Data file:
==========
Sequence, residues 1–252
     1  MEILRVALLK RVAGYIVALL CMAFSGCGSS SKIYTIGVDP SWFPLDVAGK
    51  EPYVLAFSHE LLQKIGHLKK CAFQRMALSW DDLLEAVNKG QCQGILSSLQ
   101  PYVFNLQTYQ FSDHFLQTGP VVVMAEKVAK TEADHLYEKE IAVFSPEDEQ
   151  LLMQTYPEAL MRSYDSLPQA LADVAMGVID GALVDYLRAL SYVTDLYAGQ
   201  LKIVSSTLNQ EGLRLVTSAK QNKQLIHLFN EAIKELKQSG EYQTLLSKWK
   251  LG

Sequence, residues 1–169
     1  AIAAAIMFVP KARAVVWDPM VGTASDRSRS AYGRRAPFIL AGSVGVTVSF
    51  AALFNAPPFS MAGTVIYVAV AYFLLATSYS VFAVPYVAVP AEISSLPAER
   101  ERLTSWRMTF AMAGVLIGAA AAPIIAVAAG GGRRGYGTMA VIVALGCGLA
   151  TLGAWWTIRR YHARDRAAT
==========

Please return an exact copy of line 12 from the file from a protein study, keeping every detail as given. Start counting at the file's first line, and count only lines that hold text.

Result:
   151  TLGAWWTIRR YHARDRAAT